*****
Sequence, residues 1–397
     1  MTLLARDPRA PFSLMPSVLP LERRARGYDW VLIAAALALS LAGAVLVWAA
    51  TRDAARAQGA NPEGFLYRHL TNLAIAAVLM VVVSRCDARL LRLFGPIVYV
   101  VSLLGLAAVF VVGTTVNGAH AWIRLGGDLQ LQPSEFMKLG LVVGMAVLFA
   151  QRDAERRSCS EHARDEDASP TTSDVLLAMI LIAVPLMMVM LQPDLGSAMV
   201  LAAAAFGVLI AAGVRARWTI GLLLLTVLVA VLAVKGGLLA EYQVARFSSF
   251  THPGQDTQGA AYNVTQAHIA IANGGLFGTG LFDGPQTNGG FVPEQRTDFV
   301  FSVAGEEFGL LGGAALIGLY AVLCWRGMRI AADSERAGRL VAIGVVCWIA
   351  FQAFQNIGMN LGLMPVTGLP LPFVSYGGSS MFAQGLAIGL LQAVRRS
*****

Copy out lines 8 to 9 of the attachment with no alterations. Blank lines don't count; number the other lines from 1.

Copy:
   301  FSVAGEEFGL LGGAALIGLY AVLCWRGMRI AADSERAGRL VAIGVVCWIA
   351  FQAFQNIGMN LGLMPVTGLP LPFVSYGGSS MFAQGLAIGL LQAVRRS